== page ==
“Celiac disease is a digestive disease that damages the small intestine and interferes with absorption of nutrients from food.”

      from the National Digestive Diseases Information Clearinghouse (NDDIC)

      And that’s exactly what I said.

      My “source” for info about DH??–is a leading celiac expert, Dr. Peter Green.

      Are you a celiac expert? An expert in DH?


      DH is an autoimmune related (and herpes related) condition that is NOT caused by gluten intolerance.

      DH is caused by ingesting gluten and creating antibodies.

      ” What Causes DH” (celiac sprue association)
      There is within the immune system a genetically-based sensitivity to gluten. When gluten is in the diet, the body makes IgA. The IgA or the Iga-gluten (antigen-antibody) complex circulates in the blood stream. The IgA or the complex settles in the skin causing the intense reaction labeled dermatitis herpetiformis. It is not known why some individuals with celiac disease do not also develop the skin rash and the DH symptoms.

      The pathology of the gluten-sensitive enteropathy (GSE) associated with DH and that in ordinary GSE (celiac disease) are essentially the same, although the lesions in the jejunum (12- to 14-inch section of the small intestine) in ordinary GSE (celiac disease) are usually much more severe. It is important to note that lesions in the jejunum for both dermatitis herpetiformis and celiac disease in no way represent the skin lesions of DH and that the IgA deposits are not found around the lesions in the gut membranes. Most patients with DH are symptom-free as far as the gastrointestinal tract is concerned; only 14 to 20 percent of patients with DH have malabsorption of fat, D-Xylose, or iron, or any combination as is typical of patients with GSE (celiac disease).

      You can keep arguing with me all you want 🙂
      it’s your prerogative.

      —but I am not going to indulge in paranoia about “gluten getting in my eyes” from mascara and causing me villous atrophy.

  24. Wow it’s getting heated in here. I have to say Irish is correct on this one. Thanks Irish for setting the record straight with actual facts. I love this Irish girl.

    1. Lol. That’s what I said yesterday GD. Its been hot for quite a while. I’m just gonna say, Wow and leave it at that.

  25. Hi Kate.

    I admit I have not read everything (but most of it) you people have been writing here (cause I have to translate lot of words in Finnish) but if you mean me when you are saying
    “’I’m not here to toot my own horn, like some people who like to talk about being a “veteran Celiac.” then this is for you:

    Like I told I’m not here to insult people and I’m definitely not here to “toot my own horn” like some people who like to talk about having “nearly 9 years of med school in their hat”.
    I just told you my age and how many years I have been living with celiac cause the truth is that I have a very long experience of living with celiac (I’m not saying that you don’t have) and it was because I told you that I’m having no symptoms from makeup since I started using makeup products. Celiac is just something I have been living practically my whole life and it would be strange if I had not learned anything about living with it.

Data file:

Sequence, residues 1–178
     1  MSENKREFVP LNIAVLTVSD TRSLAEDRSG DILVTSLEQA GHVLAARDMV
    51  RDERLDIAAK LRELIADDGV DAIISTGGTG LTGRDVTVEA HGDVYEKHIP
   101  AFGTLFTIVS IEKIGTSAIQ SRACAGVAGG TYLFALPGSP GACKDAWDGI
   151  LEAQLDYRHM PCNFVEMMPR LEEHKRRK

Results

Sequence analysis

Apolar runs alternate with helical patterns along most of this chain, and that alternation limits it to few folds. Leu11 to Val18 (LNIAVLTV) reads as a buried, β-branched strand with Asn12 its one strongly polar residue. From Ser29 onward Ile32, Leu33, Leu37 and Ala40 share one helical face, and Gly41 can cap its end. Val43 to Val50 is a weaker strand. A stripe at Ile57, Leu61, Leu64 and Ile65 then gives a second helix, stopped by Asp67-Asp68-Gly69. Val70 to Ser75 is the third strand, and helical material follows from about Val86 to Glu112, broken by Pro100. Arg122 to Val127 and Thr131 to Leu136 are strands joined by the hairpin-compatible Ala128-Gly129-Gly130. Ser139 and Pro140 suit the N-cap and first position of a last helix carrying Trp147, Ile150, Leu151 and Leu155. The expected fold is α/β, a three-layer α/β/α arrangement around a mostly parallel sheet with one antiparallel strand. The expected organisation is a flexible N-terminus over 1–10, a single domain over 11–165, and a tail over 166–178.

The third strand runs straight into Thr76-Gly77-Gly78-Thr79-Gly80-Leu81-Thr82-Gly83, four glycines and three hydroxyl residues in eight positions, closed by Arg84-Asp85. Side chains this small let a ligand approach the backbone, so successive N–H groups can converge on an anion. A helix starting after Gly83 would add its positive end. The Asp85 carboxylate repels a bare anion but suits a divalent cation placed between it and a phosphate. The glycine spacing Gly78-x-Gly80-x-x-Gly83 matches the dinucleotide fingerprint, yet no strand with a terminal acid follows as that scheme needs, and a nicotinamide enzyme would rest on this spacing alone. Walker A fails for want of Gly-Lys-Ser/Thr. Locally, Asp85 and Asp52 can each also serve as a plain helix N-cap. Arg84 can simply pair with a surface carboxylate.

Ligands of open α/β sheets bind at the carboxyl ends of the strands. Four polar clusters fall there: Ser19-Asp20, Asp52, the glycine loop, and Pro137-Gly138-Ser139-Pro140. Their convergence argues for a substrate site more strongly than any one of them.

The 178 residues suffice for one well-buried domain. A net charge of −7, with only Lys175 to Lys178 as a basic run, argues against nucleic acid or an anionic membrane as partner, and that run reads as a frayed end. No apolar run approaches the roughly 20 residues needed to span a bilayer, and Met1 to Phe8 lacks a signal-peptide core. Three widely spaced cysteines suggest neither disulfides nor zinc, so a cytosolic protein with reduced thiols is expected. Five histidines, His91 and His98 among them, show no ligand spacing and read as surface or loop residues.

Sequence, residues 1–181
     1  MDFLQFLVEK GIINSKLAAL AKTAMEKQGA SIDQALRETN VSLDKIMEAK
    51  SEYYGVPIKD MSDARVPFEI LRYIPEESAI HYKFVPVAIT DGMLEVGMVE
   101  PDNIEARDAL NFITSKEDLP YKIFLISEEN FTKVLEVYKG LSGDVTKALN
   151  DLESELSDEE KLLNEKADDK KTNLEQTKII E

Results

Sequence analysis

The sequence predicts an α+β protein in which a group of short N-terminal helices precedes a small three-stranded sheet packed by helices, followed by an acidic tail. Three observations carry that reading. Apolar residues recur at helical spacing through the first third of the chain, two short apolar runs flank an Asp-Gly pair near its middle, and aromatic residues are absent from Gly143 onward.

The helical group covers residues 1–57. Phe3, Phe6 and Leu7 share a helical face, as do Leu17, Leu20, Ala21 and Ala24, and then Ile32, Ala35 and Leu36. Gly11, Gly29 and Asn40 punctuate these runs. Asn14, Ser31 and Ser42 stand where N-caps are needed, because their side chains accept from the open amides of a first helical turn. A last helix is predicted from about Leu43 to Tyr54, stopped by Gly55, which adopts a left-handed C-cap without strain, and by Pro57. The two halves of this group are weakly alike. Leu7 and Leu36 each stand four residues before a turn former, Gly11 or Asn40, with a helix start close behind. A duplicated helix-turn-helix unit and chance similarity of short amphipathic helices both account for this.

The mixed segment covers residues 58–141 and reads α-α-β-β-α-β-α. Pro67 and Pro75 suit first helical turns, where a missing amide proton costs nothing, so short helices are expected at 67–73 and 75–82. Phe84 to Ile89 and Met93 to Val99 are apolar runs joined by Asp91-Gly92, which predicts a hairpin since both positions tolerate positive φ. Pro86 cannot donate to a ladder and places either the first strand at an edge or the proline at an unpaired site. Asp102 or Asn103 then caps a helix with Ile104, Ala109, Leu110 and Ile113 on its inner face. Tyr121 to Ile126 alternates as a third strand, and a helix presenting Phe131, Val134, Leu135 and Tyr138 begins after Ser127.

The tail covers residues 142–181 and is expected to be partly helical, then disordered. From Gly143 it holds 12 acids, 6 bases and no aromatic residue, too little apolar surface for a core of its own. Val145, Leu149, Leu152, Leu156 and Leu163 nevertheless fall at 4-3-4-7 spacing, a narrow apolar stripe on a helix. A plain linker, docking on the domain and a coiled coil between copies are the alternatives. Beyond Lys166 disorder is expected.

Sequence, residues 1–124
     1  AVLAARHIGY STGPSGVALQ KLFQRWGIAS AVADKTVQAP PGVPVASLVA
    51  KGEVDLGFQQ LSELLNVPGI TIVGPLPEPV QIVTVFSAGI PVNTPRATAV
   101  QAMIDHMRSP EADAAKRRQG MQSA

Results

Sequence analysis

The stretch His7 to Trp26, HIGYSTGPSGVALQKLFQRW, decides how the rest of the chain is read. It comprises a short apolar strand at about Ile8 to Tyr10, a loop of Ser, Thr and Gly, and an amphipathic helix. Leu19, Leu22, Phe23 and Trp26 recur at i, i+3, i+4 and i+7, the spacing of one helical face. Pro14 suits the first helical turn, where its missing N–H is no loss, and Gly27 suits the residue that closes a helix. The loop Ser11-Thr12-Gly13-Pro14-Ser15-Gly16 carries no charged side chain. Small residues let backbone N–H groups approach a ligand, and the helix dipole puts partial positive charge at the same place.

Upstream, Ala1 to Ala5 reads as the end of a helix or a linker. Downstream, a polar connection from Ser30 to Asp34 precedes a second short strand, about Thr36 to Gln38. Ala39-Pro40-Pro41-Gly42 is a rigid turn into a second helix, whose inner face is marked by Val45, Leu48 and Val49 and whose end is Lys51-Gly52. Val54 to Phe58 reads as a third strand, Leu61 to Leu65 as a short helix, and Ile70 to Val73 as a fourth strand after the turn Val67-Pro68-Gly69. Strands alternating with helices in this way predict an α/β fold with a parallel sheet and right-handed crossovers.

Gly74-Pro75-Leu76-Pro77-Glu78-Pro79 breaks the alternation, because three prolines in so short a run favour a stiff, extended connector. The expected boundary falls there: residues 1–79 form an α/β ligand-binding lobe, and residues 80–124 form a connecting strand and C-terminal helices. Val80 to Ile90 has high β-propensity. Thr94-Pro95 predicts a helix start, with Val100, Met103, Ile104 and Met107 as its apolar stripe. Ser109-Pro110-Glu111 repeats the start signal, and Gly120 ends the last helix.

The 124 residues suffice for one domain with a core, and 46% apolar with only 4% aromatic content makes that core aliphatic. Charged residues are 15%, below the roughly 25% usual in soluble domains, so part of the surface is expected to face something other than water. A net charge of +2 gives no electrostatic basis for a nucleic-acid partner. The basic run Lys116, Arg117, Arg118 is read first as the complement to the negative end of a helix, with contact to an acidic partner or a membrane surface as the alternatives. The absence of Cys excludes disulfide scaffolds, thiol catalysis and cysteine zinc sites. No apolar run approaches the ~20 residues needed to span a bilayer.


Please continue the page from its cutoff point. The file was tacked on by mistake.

And btw, this was first time I contact other celiacs because I never had courage before even I wanted to share things with others who has the same thing. Now I almost feel like I regret it. It’s not like I’m collecting “points” with this but I just can’t hold this anymore: Living with celiac 18 years and never having a “community” like this or any other support from other people with the same disease started to feel kind tough. Of course it was my own fault because it was me who was not contacting others.

    Okay, I did it, I started to rant about my feelings. I think I just keep following people at internet but stay silent because I don’t want to argue and this is kind of sad.

    And thank you who did not take my first message as an attack.

    And ps. When did I actually say that I am a “veteran-celiac”?

    1. Tanja…I’m not sure who Kate was referring to but you are ALWAYS welcome in this community. Please don’t shy away because of one troubling experience here. It’s actually a real great crew we have here and I think we’d all benefit in numbers.

    2. Tanja,

      I fully appreciated your comments most of all and I am grateful that you took the time to tell us about your real-life experiences.

      I am sorry that anyone jumped on you and. I referred to you as a “veteran celiac'” and I meant it in the highest esteem possible. I am one myself, but you have more years under your belt.

      What you tell me– if far more important than anything else anyone has to say. 🙂

      Warm regards,

    3. There is so much we don’t know about celiac and non-celiac gluten sensitivity (my opinion). We all have had different experiences, tested positive for in various ways, or not tested positive either (as am I). We all have different symptoms.

      It is easy for all of us to take sides, but we should not jump on each other. We are all dealing with gluten issues on different levels period. We should all avoid it.

      Tanya ~ you should not back away from the one time you joined in. We all need to have a community and we all should feel welcomed here and throughout our other celiac/gluten intolerance sites.